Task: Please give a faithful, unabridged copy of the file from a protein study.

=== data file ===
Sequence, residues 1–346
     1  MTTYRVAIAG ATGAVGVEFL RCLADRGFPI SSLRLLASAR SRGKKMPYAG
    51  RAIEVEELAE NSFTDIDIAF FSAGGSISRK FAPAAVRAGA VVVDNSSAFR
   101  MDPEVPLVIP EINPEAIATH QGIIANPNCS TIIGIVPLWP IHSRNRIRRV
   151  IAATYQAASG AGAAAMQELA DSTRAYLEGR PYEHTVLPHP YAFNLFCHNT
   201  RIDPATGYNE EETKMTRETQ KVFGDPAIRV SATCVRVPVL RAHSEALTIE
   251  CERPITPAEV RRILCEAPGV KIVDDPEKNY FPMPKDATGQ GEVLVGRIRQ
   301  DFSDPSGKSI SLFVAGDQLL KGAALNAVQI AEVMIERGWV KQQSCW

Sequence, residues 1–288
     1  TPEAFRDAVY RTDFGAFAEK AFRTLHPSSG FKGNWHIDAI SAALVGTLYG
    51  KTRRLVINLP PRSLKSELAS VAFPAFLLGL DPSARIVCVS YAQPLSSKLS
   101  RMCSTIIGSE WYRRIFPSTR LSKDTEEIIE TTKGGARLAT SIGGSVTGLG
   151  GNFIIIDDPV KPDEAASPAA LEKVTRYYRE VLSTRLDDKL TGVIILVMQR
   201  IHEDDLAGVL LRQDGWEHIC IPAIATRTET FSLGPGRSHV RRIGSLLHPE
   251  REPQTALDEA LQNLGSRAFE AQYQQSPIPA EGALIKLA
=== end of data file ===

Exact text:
Sequence, residues 1–346
     1  MTTYRVAIAG ATGAVGVEFL RCLADRGFPI SSLRLLASAR SRGKKMPYAG
    51  RAIEVEELAE NSFTDIDIAF FSAGGSISRK FAPAAVRAGA VVVDNSSAFR
   101  MDPEVPLVIP EINPEAIATH QGIIANPNCS TIIGIVPLWP IHSRNRIRRV
   151  IAATYQAASG AGAAAMQELA DSTRAYLEGR PYEHTVLPHP YAFNLFCHNT
   201  RIDPATGYNE EETKMTRETQ KVFGDPAIRV SATCVRVPVL RAHSEALTIE
   251  CERPITPAEV RRILCEAPGV KIVDDPEKNY FPMPKDATGQ GEVLVGRIRQ
   301  DFSDPSGKSI SLFVAGDQLL KGAALNAVQI AEVMIERGWV KQQSCW

Sequence, residues 1–288
     1  TPEAFRDAVY RTDFGAFAEK AFRTLHPSSG FKGNWHIDAI SAALVGTLYG
    51  KTRRLVINLP PRSLKSELAS VAFPAFLLGL DPSARIVCVS YAQPLSSKLS
   101  RMCSTIIGSE WYRRIFPSTR LSKDTEEIIE TTKGGARLAT SIGGSVTGLG
   151  GNFIIIDDPV KPDEAASPAA LEKVTRYYRE VLSTRLDDKL TGVIILVMQR
   201  IHEDDLAGVL LRQDGWEHIC IPAIATRTET FSLGPGRSHV RRIGSLLHPE
   251  REPQTALDEA LQNLGSRAFE AQYQQSPIPA EGALIKLA